“When jazz hits you in the face with a stack of bricks, Mike Dillon is there…twisting chaos into order before turning it back on itself again.” –Splinters & Candy
“The Mike Dillon Band is a predictably gruesome and sublime elixir of stealthy jazz vibes, street poetry raps and post-punk sonic carnage.” –Boulder Weekly
“A body in motion tends to stay in motion, at least when The Mike Dillon Band is supplying the dance music. The psychedelic rock group shakes and gyrates with heavy, vibraphone driven grooves, delivering a steady stream of infectious rhythms and hypnotic percussion.” –Pittsburgh City Paper
Mike Dillon has spent the last three decades performing well over 200 shows a year with both his own band, as well as playing vibraphone and percussion with artists including Rickie Lee Jones, Les Claypool and Ani DiFranco. So when the pandemic hit in early 2020 forcing Dillon off the road, he instinctively directed his perpetually restless creative energy to writing and recording. Recently relocating to Kansas City after spending 15 years in New Orleans, Dillon and producer Chad Meise would track a trilogy of albums: ‘Shoot The Moon,’ ‘Suitcase Man’ and ‘1918.’ In collaboration with his longtime record label Royal Potato Family, they would offer the records exclusively via Bandcamp just days after they were mixed and mastered. In 2021, those albums now receive the full vinyl treatment, as well as complete digital release across all streaming outlets.
The first of the three records, ‘Shoot The Moon,’ is a ten track collection that Dillon describes as “Punkadelic-Funk-Psych” focused heavily on the current political climate in the United States. Assembling an assortment of stylistically uncompromising musicians to contribute, its line-up features Matt Chamberlain, Steven Bernstein, Nicholas Payton, Robbie Seahag Mangano, Jean-Paul Gaster and Nick Bockrath among others. Highlights include the apocalyptic road warrior anthem “Drivin’ Down The Road,” a swirling New Orleans jazz-raga “Further Adventures in Misadventures” and the snarling punk rock diatribe “Quool Aid Man” with its indictment of the American right: “old men and their guns.”
The second recording in the series, ‘Suitcase Man‘ is a nine-song cycle through which Dillon examine his life and choices made over the past 55 years. It’s a distinct entry in his extensive discography, notable for its strikingly honest lyricism and minimalist arrangements that incorporate sparse vibraphone and percussion with a handful of background vocals by Tiff Lamson of Givers and frequent collaborator JJ Jungle. Songs like “Empty Bones,” “Turkish Rose” and “Matthew” represent Dillon at his most creatively daring, while confirming his ascent into the upper echelon of cult music outsiders in the lineage of artists like Tom Waits, Harry Partch and Captain Beefheart.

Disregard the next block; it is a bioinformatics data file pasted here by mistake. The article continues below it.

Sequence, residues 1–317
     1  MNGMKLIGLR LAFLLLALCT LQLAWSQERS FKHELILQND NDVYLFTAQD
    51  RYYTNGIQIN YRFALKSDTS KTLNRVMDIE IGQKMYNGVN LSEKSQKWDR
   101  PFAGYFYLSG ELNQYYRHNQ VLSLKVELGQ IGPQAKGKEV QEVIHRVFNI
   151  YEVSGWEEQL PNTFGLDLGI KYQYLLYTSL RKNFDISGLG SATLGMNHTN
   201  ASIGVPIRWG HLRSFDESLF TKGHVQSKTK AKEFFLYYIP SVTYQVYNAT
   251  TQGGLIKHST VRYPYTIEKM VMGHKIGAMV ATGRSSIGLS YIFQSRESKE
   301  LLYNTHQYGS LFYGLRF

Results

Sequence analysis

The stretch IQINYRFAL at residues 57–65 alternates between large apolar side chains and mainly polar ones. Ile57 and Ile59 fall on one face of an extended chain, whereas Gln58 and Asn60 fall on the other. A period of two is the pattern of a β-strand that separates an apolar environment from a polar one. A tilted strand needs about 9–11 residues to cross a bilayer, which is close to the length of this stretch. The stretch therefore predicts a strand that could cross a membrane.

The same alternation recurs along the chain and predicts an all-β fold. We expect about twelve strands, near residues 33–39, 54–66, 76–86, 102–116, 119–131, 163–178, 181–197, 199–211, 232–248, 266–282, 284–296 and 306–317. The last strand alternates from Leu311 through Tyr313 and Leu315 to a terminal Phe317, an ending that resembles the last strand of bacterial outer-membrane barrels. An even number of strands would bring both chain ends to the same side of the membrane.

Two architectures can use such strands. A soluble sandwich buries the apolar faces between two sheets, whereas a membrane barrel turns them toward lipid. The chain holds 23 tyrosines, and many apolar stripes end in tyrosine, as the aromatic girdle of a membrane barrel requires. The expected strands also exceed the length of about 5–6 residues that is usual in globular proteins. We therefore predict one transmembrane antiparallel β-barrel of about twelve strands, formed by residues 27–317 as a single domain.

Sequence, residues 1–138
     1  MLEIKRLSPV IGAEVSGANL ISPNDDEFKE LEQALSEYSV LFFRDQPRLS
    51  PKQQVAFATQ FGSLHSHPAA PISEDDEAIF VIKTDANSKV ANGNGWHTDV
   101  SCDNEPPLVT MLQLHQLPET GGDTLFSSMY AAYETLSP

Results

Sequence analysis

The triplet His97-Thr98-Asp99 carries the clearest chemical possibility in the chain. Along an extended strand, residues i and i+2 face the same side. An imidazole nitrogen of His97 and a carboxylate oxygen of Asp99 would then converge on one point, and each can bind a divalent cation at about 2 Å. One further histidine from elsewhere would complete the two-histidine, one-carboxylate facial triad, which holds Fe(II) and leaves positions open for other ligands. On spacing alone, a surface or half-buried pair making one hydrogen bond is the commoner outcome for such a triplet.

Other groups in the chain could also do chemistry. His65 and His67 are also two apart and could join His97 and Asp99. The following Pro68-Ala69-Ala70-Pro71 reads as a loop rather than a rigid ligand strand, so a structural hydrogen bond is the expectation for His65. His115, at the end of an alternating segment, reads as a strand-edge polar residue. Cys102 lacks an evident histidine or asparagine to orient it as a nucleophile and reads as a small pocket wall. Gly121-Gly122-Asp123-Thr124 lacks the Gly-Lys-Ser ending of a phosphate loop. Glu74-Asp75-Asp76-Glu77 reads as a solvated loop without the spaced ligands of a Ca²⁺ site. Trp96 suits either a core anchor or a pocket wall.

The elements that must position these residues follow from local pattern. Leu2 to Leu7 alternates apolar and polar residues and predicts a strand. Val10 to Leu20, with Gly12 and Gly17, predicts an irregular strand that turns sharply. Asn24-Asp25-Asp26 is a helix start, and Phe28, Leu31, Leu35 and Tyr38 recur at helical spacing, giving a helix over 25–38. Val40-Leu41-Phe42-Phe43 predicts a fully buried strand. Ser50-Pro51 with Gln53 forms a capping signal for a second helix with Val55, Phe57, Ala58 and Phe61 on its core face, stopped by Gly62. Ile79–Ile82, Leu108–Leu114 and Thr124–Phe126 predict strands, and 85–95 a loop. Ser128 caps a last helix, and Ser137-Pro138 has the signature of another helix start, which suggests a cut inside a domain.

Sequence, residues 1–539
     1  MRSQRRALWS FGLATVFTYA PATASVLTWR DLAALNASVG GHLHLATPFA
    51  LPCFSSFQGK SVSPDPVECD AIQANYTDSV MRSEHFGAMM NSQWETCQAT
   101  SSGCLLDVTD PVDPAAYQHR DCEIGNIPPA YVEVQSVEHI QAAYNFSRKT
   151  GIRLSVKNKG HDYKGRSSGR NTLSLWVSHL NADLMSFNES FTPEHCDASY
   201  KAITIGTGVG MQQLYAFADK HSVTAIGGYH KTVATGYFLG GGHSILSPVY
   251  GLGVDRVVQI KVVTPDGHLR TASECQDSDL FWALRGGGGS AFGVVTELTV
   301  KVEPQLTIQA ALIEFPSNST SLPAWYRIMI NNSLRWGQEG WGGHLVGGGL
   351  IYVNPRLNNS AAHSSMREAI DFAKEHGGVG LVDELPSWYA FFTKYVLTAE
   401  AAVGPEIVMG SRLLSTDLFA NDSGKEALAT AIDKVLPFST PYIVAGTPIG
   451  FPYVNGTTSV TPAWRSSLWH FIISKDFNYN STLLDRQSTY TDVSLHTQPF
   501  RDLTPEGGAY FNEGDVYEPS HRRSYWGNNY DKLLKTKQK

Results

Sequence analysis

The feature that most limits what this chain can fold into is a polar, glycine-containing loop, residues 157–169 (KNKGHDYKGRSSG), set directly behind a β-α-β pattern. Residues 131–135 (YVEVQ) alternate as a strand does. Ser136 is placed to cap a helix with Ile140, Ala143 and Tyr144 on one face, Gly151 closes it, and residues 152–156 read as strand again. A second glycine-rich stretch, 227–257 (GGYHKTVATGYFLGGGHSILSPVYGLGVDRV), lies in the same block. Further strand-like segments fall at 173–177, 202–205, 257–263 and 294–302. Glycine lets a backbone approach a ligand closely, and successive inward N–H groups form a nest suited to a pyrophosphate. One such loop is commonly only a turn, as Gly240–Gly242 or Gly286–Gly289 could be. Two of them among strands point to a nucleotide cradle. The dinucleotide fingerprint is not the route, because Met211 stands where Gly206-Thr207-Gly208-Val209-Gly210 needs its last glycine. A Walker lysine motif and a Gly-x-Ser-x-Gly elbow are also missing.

Dillon completes the trilogy with ‘1918.’ The focal point here are Dillon’s instrumentals: the dank and dark Moog/tabla/vibraphone psych vibe of “Pinocchio,” the electro analog trance of “Pelagic” and the jungle groove, space rock of the title track. Dillon once again calls on friends like drummer Earl Harvin and guitarist Shane Theriot to assist. Thematically speaking, the material addresses the Covid-19 pandemic and recent social unrest. “The parallels between 1918 and 2020 are immense. We just have fancier toys, but the tunnel vision and mammalian tendencies are the same if not greater,” explains Dillon.
A native of San Antonio, Texas, Mike Dillon got his start as a sideman, playing in such varied projects as MC 900 Foot Jesus, Brave Combo and Secret Chiefs 3. He’s also served as an integral member of bands like Critters Buggin, Garage A Trois, Dead Kenny Gs and Nolatet, while leading Billy Goat, Hairy Apes BMX and Malachy Papers. Under his own name, he’s amassed an extensive catalog of genre-defying recordings. All Music called his most recent release ‘Rosewood,’ recorded prior to the 2020 pandemic lockdown, “a hypnotic album that pulls you deep inside a percussive, sylvan-toned dreamscape.” Touring relentlessly, Dillon has built one of the most loyal fanbases on the underground music scene, while being invited to share bills with bands including Clutch, Umphrey’s McGee and Dean Ween Group.